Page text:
Only a few studies on CRP in serum have been published 154 , whereas several studies regarding IL-6 and ACT have been performed, most of which demonstrate increased IL-6 or ACT levels in serum 9,112,153,157,158,249 . Recently, a few longitudinal population-based studies showed an association between the inflammatory markers CRP, IL-6 and ACT and cognitive decline, many years before onset of dementia 63,239,299 . Recent studies have indicated that possibly other serum markers can also be used for AD diagnostics and stageing. Cystatin C levels were found to be reduced in AD patients compared to controls 49 and complement factor H as well as A2M serum levels are raised in AD compared to controls 121 . Also, surfactant protein-D (SP-D) levels were found to correlate with development of dementia in a follow-up study 200 .

Postmortem Brain Studies

The reciprocal changes in the levels and activity of Gaq 11 in BD occipital cortex also appear to uniquely distinguish this disorder from Alzheimer's disease (79a), schizophrenia (44), alcoholism (44), and major depression (80), in which the activity of Gaq 11 is either increased or decreased in the absence of changes in Gaq 11 and PLC-P1levels. It is also noteworthy that the largest differences in Gas levels and forskolin-stimulated adenylyl cyclase activity were observed in the occipital cortex of BD subjects (10,11). Given the substantial evidence of crossregulation between cAMP and PPI signaling pathways, the possibility that the observed differences in Gaq 11 and PLC-p1 levels may reflect the consequences of relatively greater disturbances in cAMP signaling in this brain region in BD cannot be excluded.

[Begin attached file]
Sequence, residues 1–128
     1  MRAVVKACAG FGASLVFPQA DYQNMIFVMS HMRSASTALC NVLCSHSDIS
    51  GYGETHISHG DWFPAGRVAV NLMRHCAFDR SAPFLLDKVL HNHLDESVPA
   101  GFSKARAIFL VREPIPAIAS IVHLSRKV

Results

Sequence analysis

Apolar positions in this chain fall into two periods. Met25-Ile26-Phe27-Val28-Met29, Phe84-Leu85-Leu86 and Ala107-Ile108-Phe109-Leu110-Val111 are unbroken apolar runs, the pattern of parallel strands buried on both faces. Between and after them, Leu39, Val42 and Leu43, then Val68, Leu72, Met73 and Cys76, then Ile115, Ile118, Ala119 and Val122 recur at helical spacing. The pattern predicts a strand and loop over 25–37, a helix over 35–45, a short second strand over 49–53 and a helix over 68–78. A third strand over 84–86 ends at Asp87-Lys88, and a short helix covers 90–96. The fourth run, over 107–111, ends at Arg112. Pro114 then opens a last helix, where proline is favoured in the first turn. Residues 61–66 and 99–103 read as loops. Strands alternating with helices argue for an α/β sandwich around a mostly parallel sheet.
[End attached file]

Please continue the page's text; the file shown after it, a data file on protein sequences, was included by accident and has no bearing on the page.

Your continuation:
Differential Diagnosis

The differential diagnosis of dementia is broad (DSM-IV, ICD10) and the diagnostic criteria keep evolving in order to improve sensitivity and specificity 2,118,119,120 . Subcortical dementia with prominent changes to the CSF analytical brain (striatum and thalamus) is distinguished from cortical dementias with prominent changes in the cortical association areas12. The spectrum of primary degenerative dementia includes AD, Down's syndrome, Pick's disease, primary progressive dysphasia, frontal lobe degeneration and frontal lobe dementia, Lewy body dementia and a number of miscellaneous degenerative dementias including the tauopathies listed in Table 1. In particular the genetic, pathological and clinical spectrum of the fronto-temporal lobe dementias continues to widen. Dementia is also a recognised feature of other neurodegenerative diseases such as Parkinson's disease, progressive supranuclear palsy, Huntington's disease, thalamic dementia, Prion disease, amyotrophic lateral...

Abstract

Mild Cognitive Impairment (MCI) was proposed as a nosological entity referring to elderly people with mild cognitive deficit but no dementia. In the first criteria for MCI, which were proposed by Petersen et al in 1997, the emphasis was on the compulsory presence of memory problems and memory disorders, implying that cases of MCI represented a fairly uniform group of subjects. The criteria for MCI are the following memory complaints of the subject, objective memory disorders considering age, absence of other cognitive disorders, intact basic activities of daily living, and absence of dementia. This concept of MCI made it possible to define a group of patients at high risk of developing dementia, particularly Alzheimer-type dementia, as 80 of MCI subjects converted to dementia within 5 years. Based on whether predominant memory impairment was present or not, two primary subtypes were delineated amnestic and non-amnestic MCI. Regarding MCI diagnosis, the most commonly used rating...

Horizontal Approach